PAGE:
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50 ways to crash our product

· 10 min read
Andre Bogus

50 ways to crash our product

I personally think that the software we build should make more people's lives better than it makes worse. So when users recently started filing bug reports, I read them with mixed feelings. On one hand, it meant that those particular users were actually using synth, on the other hand, it also meant that we were failing to give them a polished experience. So when it was my turn to write more stuff about what we do here, I set myself a challenge: Find as many ways as I can to break our product.

I briefly considered fuzzing, but decided against it. It felt like cheating. Where's the challenge in that? Also, I wanted to be sure that the bugs would be reachable by ordinary (or perhaps at least exceptional) users, and would accept misleading error messages (that a fuzzer couldn't well decide) as bugs. Finally I am convinced I learn more about some code when actively trying to break it, and that's always a plus. So "let's get cracking!" I quoth and off I went.

Overview#

Before we start, I should perhaps consider giving a short architectural overview on synth. Basically the software has four parts:

  1. The DSL (which is implemented by a set of types in core/src/schema that get deserialized from JSON),
  2. a compiler that creates a graph (which form a directed acyclic graph of items that can generate values),
  3. export (writing to the data sink) and
  4. import facilities (for creating a synth namespace from a database schema)

My plan was to look at each of the components and see if I can find inputs to break them in interesting ways. For example, leaving out certain elements or putting incorrect JSON data (that would not trip up the deserialization part, but lead to incorrect compilation later on) might be a fruitful target. Starting from an empty schema:

{    "type": "array",    "length": 1,    "content": {        "type": "object"    }}

I then called out synth generate until finding a problem. First, I attempted to insert confusing command line arguments, but the clap-based parser handled all of them gracefully. Kudos!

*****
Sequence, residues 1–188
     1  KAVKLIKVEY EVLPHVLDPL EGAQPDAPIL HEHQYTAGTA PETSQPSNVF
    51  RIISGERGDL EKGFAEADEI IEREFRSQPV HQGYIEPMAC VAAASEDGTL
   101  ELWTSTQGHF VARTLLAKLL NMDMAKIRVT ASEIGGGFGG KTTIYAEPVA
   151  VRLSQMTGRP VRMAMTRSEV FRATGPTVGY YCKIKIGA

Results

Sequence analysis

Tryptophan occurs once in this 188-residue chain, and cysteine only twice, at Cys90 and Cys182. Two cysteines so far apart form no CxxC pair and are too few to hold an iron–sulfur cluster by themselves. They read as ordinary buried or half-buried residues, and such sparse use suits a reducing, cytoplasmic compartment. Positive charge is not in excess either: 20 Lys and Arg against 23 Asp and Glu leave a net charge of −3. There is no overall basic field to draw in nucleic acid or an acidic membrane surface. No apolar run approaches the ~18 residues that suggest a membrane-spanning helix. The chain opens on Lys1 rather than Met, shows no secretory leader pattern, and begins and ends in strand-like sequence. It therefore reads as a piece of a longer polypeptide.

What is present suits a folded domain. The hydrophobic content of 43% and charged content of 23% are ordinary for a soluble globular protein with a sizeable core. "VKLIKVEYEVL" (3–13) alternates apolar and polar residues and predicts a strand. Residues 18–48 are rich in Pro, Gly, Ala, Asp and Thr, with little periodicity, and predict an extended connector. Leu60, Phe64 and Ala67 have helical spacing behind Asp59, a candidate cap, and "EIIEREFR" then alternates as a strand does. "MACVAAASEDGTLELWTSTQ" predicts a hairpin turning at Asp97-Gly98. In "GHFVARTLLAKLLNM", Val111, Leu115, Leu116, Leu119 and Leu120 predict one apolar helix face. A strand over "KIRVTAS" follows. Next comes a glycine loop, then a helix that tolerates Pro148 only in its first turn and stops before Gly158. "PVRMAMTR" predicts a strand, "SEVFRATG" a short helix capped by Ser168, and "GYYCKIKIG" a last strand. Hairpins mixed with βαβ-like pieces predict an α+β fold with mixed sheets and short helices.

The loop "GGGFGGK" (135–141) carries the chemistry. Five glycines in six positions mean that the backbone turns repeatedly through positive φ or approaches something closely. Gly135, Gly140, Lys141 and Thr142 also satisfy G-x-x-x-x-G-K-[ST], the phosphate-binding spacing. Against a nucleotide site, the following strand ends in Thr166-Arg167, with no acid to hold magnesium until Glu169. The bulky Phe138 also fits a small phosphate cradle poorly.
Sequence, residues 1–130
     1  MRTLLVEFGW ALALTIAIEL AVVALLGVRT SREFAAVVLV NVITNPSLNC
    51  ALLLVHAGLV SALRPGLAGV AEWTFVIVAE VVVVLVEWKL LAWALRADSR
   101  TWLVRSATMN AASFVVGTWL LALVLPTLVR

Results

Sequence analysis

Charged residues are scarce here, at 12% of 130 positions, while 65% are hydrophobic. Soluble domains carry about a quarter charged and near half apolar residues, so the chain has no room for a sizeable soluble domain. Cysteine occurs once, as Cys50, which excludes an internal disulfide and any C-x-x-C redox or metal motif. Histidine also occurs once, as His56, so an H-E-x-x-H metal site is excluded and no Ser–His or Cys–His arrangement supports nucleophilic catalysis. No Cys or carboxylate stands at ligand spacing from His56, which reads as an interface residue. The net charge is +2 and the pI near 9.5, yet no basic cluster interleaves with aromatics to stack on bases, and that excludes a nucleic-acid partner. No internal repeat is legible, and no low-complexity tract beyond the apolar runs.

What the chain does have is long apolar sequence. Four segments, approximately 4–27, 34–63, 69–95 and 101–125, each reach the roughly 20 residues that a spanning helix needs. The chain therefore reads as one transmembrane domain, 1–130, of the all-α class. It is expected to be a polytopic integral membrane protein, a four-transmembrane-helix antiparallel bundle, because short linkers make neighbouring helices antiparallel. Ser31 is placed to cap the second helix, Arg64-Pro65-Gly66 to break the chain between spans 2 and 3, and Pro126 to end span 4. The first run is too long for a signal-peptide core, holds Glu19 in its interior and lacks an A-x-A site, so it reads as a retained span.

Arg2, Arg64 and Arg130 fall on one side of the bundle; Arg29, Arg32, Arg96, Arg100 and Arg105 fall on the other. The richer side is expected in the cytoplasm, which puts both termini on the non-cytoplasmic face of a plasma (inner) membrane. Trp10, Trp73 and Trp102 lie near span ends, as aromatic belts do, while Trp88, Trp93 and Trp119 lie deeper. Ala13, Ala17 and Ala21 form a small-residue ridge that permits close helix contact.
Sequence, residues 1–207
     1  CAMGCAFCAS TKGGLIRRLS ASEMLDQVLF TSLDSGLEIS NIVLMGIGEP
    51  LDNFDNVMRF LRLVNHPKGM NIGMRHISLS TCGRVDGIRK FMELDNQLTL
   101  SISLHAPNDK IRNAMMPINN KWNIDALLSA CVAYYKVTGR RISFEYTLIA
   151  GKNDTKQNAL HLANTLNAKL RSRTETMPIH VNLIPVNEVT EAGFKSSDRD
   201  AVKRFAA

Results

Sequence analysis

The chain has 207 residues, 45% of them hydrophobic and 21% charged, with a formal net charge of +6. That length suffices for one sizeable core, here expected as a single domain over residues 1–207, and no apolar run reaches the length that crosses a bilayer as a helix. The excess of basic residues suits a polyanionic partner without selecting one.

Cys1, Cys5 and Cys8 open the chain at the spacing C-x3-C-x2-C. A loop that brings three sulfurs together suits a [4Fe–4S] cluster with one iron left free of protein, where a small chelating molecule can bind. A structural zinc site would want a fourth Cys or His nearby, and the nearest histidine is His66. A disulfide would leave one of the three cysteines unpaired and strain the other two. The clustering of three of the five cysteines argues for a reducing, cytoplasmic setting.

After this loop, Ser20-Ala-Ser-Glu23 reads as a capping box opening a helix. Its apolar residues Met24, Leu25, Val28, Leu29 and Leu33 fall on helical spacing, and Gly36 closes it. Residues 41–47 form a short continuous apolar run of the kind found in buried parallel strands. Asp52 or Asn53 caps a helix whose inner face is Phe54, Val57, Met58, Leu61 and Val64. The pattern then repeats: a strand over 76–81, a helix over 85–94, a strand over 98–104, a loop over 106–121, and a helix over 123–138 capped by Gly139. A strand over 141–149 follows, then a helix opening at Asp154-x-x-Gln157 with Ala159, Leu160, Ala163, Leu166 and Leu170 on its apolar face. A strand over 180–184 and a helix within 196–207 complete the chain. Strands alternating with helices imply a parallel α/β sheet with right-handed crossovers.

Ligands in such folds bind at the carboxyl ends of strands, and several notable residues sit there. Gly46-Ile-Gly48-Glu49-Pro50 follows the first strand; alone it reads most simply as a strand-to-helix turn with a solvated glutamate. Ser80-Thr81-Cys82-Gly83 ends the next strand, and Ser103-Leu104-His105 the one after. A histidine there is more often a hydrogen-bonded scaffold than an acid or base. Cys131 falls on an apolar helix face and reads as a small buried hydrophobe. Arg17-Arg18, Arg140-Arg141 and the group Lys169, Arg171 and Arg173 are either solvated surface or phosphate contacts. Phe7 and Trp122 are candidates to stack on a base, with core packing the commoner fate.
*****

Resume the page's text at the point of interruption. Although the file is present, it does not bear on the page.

#1 The first thing I tried is using a negative length:

{    "type": "array",    "length": -1,    "content": {        "type": "object"    }}

Which was met with BadRequest: could not convert from value 'i64(-1)': Type { expected: "U32", got: "i64(-1)" }. Not exactly a crash, but the error message could be friendlier and have more context. I should note that this is a very unspecialized error variant within the generator framework. It would make sense to validate this before compiling the generator and emit a more user-friendly error.

Bonus: If we make the length "optional": true (which could happen because of a copy & paste error), depending on the seed, we will get another BadRequest error. The evil thing is that this will only happen with about half of the seeds, so you may or may not be lucky here (or may even become unlucky if another version would slightly change the seed handling).

#2 Changing the length field to {} makes for another befuddling error:

Error: Unable to open the namespace
Caused by:    0: at file 2_unitlength/unitlength.json    1: Failed to parse collection    2: missing field `type` at line 8 column 1

The line number is wrong here, the length should be in line six in the content object, not in line eight.

#3 It's not that long that we can use literal numbers for number constants here (for example given the length). The old way would use a number generator. A recent improvement let us generate arbitrary numbers, however this is likely not a good idea for a length field:

{    "type": "array",    "length": {        "type": "number",        "subtype": "u32"    },    "content": {        "type": "object"    }}

This might be done very quickly, but far more likely it will work for a long time, exhausing memory in the process, because this actually generates a whole lot of empty objects (which are internally BTreeMaps, so an empty one comes at 24 bytes) – up to 4.294.967.295 of them, which would fill 96GB! While this is not an error per se, we should probably at least warn on this mistake. We could also think about streaming the result instead of storing it all in memory before writing it out, at least unless there are references that need to be stored, and this would also allow us to issue output more quickly.

#4 Let's now add a string:

{    "type": "array",    "length": {        "type": "number",        "subtype": "u32"    },    "content": {        "type": "object",        "s": {            "type": "string"        }    }}

Oops, I forgot to specify which kind of string. But I wouldn't know that from the error:

Error: Unable to open the namespace
Caused by:    0: at file 4_unknownstring/unknownstring.json    1: Failed to parse collection    2: invalid value: map, expected map with a single key at line 10 column 1

#5 Ok, let's make that a format then. However, I forgot that the formatmust contains a map with the keys "format" and "arguments", putting them into the s map directly:

{    "type": "array",    "length": {        "type": "number",        "subtype": "u32"    },    "content": {        "type": "object",        "s": {            "type": "string",            "format": "say my {name}",            "arguments": {                "name": "name"            }        }    }}
Error: Unable to open the namespace
Caused by:    0: at file 5_misformat/misformat.json    1: Failed to parse collection    2: invalid value: map, expected map with a single key at line 14 column 1

#6 Ok, then let's try to use a faker. Unfortunately, I haven't really read the docs, so I'll just try the first thing that comes to mind: